RealtyBizNews - Real Estate Marketing and Beyond
Real Estate Marketing & Beyond
Home » Housing » Residential » Climate change could make elevation a big factor in real estate prices

Climate change could make elevation a big factor in real estate prices

By Mike Wheatley | January 5, 2018

Homes located on higher elevations in areas at risk from hurricanes are seeing their values grow faster than homes closer to sea level, CBS News reported.

In cities like Miami the trend is particularly evident, with the term “climate gentrification” quickly becoming a common buzzword. The phrase is used to describe the role that rising sea levels and volatile weather conditions are having on land values and real estate prices in the area. Some experts worry that climate change could one day displace poorer residents living in low-elevation areas.

Flooding from storm surges is a major concern in Miami, which means waterfront properties aren’t quite as hot as they once were. Instead, more high-end buyers are looking at slightly elevated parts of the city, such as Little Haiti and Little Havana.

Not everyone is convinced that climate is having an impact on property prices just yet, but most agree it will play a role in the near future.

Jesse M. Keenan, a researcher on urban development and climate adaptation at Harvard’s Graduate School of Design, tracked the rate of price appreciation among 250,000 Miami-Dade County homes since 1971. He then compared that data with elevations, and found that properties built on higher ground tend to see their values appreciate more quickly. However, Keenan says he’s not sure if other factors could be responsible.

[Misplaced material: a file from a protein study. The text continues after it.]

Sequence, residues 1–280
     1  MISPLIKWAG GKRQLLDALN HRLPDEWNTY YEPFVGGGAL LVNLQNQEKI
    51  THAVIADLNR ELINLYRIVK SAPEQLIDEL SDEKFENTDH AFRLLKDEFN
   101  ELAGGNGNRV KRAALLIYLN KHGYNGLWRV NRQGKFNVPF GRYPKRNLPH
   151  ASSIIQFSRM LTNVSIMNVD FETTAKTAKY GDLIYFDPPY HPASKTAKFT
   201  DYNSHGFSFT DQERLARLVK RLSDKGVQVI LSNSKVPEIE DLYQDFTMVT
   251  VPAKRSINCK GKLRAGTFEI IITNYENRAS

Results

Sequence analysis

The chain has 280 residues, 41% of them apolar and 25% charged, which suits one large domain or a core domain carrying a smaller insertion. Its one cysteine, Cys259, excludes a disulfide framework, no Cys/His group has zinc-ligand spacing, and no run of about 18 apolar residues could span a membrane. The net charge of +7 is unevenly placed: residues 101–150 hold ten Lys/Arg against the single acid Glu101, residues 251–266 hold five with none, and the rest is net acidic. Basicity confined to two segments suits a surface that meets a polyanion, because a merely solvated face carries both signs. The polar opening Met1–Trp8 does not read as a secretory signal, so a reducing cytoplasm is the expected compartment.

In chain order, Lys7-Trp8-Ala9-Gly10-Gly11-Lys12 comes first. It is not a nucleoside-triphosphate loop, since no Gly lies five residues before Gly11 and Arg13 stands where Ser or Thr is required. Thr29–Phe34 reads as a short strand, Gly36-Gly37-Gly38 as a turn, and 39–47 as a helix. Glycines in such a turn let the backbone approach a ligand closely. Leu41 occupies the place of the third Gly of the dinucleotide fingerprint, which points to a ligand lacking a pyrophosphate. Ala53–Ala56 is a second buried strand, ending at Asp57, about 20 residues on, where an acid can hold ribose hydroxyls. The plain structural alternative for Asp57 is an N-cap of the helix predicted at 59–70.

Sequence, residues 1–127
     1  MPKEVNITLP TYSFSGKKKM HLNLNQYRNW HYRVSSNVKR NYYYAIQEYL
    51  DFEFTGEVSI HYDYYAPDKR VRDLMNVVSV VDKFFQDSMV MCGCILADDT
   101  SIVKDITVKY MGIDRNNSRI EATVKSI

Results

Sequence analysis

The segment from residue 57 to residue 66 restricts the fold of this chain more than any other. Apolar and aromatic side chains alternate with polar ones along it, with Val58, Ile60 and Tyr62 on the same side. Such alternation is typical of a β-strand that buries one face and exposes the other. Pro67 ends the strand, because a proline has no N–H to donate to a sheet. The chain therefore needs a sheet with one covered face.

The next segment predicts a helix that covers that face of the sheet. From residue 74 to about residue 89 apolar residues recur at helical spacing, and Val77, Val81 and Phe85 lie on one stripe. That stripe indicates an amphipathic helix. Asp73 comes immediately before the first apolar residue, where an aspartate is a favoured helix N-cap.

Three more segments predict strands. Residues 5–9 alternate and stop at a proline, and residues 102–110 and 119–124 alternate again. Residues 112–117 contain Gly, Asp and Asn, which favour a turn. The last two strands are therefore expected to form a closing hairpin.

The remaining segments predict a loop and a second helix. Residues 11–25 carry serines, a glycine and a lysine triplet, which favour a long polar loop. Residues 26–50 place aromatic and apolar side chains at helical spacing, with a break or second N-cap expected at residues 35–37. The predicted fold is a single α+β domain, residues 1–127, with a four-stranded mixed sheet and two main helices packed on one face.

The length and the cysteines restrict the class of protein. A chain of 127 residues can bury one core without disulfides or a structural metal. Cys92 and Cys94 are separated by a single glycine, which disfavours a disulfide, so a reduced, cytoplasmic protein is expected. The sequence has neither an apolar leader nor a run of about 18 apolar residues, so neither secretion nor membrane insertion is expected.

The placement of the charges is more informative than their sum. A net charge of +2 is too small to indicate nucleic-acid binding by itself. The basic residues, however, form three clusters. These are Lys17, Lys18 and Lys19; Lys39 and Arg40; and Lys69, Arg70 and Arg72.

Nonetheless, Keenan says that climate change is likely to become a more significant factor in real estate markets in many coastal U.S. cities. He notes that the correlation between elevations and home prices has grown stronger since 2000, which he says is a signal that some buyers are already factoring in climate change and flooding risk into their property buying decisions. Keenan says that some properties at lower elevations which are deemed to be at high-risk of flooding could see their values drop suddenly.

“This is real,” Keenan told CBS News. “There are actual people spending lots of money thinking about how to make money from climate change. We have to come to terms with this sooner than later.”

Mike Wheatley is the senior editor at Realty Biz News. Got a real estate related news article you wish to share, contact Mike at [email protected].
  • Sign up to Realty Biz Buzz
    Get Digital Marketing Training
    right to your inbox
    All Contents © Copyright RealtyBizNews · All Rights Reserved. 2016-2024
    Website Designed by Swaydesign.
    linkedin facebook pinterest youtube rss twitter instagram facebook-blank rss-blank linkedin-blank pinterest youtube twitter instagram